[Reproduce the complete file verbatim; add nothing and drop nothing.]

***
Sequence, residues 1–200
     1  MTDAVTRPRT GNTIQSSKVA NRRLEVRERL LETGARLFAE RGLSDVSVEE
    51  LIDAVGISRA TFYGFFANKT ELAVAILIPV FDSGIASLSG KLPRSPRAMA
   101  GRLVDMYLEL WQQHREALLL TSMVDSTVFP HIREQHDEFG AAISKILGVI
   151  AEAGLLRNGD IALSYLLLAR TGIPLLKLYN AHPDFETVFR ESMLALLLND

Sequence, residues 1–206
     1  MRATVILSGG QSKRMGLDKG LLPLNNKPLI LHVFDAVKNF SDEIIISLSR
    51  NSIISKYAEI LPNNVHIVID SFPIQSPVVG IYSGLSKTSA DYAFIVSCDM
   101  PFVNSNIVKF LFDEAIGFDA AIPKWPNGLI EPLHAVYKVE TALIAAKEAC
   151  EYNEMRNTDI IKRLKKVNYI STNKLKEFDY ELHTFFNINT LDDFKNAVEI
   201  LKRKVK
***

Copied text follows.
Sequence, residues 1–200
     1  MTDAVTRPRT GNTIQSSKVA NRRLEVRERL LETGARLFAE RGLSDVSVEE
    51  LIDAVGISRA TFYGFFANKT ELAVAILIPV FDSGIASLSG KLPRSPRAMA
   101  GRLVDMYLEL WQQHREALLL TSMVDSTVFP HIREQHDEFG AAISKILGVI
   151  AEAGLLRNGD IALSYLLLAR TGIPLLKLYN AHPDFETVFR ESMLALLLND

Sequence, residues 1–206
     1  MRATVILSGG QSKRMGLDKG LLPLNNKPLI LHVFDAVKNF SDEIIISLSR
    51  NSIISKYAEI LPNNVHIVID SFPIQSPVVG IYSGLSKTSA DYAFIVSCDM
   101  PFVNSNIVKF LFDEAIGFDA AIPKWPNGLI EPLHAVYKVE TALIAAKEAC
   151  EYNEMRNTDI IKRLKKVNYI STNKLKEFDY ELHTFFNINT LDDFKNAVEI
   201  LKRKVK